2012 Int’l Summit of Cooperatives concludes in QuebecSouce:Xinhua Publish By Thomas Whittle Updated 12/10/2012 12:02 pm in World / no comments
OTTAWA, Oct. 11 (Xinhua) — The 2012 International Summit of Cooperatives ended in Quebec City Thursday with a declaration that coops and mutual businesses represent a social, human and economic global powerhouse and play a significant role in the global economy while ensuring a sustainable development.
Despite trying economic conditions, the cooperative movement has been able to sustain jobs and companies of all sizes, said Dame Pauline Green, president of the International Co-operative Alliance.
Nearly 2,800 participants from 91 countries gathered in the capital city of the Canadian province of Quebec for the summit to look at ways of socio-economic contributions coops make to communities around the world.
“With Spain’s youth unemployment rate at 53 percent and 25 million young people unemployed across the eurozone, and with 17, 000 children dying every day from hunger-related causes in the developing world, the cooperative movement wants to get behind the plans of Jim Yong Kim, the World Bank’s new chief, to end poverty by promoting private-sector partnerships and ensuring the benefits are shared throughout a developing society,” said Green in a statement.
She explained that over the last four years, more than one million people around the world have moved their bank accounts from the commercial sector to cooperatives, which are owned by nearly one billion people on the planet, employing over 100 million people.
Green said “widespread disenchantment with the corporate business sector and the political status quo as demonstrated by the Occupy Wall Street and Arab Spring movements” has placed the cooperative-enterprise model in the global spotlight.
During the conference, former U.S. secretary of state Madeleine Albright told delegates that cooperatives are “vehicles of socially constructed values” that are passed onto future generations, which is why coops “must have a long-term vision for development.”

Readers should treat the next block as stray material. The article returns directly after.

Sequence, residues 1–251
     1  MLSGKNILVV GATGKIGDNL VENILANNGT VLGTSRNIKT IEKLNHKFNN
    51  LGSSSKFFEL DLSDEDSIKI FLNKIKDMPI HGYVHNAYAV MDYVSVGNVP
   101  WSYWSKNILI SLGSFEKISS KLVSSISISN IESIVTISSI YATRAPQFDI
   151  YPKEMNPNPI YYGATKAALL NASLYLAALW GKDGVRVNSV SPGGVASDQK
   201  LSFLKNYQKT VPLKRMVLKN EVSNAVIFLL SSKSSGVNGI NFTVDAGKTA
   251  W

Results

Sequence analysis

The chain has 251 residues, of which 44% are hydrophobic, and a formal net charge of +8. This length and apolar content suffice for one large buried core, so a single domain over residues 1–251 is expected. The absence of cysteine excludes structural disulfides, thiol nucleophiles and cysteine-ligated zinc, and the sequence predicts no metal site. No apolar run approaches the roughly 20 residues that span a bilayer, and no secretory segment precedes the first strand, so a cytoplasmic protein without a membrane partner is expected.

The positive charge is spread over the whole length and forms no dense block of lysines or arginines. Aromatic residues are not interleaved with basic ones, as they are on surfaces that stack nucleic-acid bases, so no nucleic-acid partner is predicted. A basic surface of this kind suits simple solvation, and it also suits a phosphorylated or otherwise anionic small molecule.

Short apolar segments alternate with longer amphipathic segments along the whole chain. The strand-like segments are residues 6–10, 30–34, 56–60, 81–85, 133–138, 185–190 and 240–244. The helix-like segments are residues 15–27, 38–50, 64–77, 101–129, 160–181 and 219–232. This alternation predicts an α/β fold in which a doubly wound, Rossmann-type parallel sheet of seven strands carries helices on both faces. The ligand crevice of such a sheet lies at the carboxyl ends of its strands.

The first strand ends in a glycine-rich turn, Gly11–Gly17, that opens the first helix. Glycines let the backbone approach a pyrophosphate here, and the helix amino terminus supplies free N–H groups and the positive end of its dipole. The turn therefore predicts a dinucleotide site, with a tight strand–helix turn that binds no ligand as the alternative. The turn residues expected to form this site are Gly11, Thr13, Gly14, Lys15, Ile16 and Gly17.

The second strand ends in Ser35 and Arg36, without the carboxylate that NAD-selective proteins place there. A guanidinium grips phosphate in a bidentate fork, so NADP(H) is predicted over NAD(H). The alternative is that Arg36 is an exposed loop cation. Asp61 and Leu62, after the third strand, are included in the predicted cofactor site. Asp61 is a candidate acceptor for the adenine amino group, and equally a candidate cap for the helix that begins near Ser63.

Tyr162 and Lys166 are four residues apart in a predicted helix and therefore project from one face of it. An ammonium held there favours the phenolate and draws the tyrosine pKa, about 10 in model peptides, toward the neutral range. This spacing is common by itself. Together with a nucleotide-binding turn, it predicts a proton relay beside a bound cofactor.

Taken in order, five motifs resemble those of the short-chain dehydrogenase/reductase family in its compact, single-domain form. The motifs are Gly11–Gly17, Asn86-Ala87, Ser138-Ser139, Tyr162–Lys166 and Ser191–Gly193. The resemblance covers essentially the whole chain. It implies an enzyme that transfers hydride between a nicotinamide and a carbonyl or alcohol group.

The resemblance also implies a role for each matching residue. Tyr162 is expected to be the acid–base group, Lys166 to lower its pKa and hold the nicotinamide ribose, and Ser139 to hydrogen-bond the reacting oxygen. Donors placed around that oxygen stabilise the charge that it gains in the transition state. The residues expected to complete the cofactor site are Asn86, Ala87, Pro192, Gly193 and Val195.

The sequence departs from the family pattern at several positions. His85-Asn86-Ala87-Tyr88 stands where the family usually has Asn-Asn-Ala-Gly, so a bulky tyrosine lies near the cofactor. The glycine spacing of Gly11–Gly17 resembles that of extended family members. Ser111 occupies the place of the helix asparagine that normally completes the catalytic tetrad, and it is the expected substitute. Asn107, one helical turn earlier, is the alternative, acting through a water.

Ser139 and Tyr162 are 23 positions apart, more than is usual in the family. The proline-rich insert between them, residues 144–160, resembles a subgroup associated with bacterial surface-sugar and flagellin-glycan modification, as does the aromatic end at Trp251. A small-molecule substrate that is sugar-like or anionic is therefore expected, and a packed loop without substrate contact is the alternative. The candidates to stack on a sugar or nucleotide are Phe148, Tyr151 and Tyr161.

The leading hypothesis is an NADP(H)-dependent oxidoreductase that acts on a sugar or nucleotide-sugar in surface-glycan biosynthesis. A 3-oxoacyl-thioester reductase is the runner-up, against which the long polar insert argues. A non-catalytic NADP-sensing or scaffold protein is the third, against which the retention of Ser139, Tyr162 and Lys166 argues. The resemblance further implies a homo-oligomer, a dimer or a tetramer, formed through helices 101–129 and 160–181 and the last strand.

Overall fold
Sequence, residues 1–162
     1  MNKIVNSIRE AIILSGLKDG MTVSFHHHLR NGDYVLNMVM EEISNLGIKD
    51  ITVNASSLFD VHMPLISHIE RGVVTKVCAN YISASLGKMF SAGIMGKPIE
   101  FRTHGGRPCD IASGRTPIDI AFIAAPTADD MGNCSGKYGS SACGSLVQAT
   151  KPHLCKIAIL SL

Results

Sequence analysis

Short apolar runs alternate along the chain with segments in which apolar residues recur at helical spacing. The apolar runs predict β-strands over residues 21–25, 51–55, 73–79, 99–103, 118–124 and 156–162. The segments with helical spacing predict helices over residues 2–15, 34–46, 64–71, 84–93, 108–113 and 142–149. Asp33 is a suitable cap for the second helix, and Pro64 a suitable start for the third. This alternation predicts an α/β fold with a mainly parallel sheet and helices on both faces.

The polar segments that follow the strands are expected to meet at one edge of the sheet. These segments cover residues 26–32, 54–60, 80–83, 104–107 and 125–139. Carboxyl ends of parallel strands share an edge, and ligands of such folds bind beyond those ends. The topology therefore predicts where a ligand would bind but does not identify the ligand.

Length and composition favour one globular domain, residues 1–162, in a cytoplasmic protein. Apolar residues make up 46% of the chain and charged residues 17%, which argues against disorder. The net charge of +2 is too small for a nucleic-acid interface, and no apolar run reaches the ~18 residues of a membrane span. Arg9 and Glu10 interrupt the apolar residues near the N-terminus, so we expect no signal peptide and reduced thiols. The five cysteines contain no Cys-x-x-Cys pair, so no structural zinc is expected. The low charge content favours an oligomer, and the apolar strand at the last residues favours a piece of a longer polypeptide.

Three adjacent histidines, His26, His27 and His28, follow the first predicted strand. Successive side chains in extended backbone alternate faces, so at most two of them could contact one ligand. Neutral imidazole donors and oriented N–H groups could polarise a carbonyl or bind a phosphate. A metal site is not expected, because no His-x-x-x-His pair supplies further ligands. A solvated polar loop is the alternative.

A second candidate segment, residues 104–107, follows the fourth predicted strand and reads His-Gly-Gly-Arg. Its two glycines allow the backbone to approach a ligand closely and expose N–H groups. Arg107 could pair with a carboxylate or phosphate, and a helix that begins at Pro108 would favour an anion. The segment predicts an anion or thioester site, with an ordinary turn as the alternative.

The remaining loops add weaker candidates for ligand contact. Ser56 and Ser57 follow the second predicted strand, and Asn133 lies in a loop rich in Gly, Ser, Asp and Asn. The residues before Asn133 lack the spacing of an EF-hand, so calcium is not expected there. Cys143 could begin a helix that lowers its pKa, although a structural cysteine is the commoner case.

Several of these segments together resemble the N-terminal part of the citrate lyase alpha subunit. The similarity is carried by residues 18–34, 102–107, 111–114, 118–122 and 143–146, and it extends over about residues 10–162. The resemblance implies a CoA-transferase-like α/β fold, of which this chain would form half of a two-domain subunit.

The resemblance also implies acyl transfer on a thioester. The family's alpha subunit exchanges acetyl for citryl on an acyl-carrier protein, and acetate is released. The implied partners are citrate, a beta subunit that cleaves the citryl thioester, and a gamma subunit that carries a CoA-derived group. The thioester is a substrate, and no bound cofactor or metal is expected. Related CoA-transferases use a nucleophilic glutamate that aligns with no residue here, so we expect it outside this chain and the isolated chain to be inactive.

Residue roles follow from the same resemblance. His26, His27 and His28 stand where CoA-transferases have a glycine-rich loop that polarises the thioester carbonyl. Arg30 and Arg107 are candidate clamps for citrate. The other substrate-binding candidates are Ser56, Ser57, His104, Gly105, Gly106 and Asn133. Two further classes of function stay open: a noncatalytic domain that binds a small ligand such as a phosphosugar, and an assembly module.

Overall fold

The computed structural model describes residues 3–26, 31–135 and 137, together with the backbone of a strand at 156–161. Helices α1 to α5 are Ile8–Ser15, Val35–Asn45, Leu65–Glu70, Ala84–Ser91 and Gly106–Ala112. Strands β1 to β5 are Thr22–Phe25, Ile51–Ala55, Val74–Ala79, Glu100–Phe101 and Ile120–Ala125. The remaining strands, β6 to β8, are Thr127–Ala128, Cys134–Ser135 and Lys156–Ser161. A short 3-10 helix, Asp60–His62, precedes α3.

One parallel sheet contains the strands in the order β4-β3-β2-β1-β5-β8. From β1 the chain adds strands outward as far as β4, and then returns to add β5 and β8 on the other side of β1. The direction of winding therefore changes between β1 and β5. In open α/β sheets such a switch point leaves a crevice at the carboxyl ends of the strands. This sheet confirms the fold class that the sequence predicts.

The summit was also marked by the release of several studies on coops.
One, by the University of Sherbrooke in Quebec, found that the 300 largest cooperatives and mutuals represent the world’s largest democracy and ninth largest economy, generating nearly 2 trillion U.S. dollars in revenues.
Another study, conducted by the University of Quebec in Montreal and market research firm, Ipsos, found that consumers often consider coops as serving the agriculture sector and rural localities and that these business models are rarely technologically advanced, according to the feedback received from more than 200 people who participated in focus groups in Canada, the United Kingdom, France, Japan and Argentina this past May.
While coops have a unique approach to balancing conventional profit goals with broader principles, they must demonstrate they are equipped to thrive in a rapidly growing economy, concluded a study by Ernst & Young.
Meanwhile, a study by Deloitte found the world’s largest coops are using a more diverse array of funding options and pursuing the use of non-traditional funding instruments.
Only 35 percent of those surveyed said they planned to use member capital as an equity lever in the future compared to 50 percent today. Fifty-three percent are planning to issue equity instruments to external investors compared to 38 percent today, while funding via international debt markets is set to grow from 24 percent to 53 percent.
Summit organizers indicated a second global meeting could be held in 2014.
The United Nations declared 2012 the International Year of Co- operatives.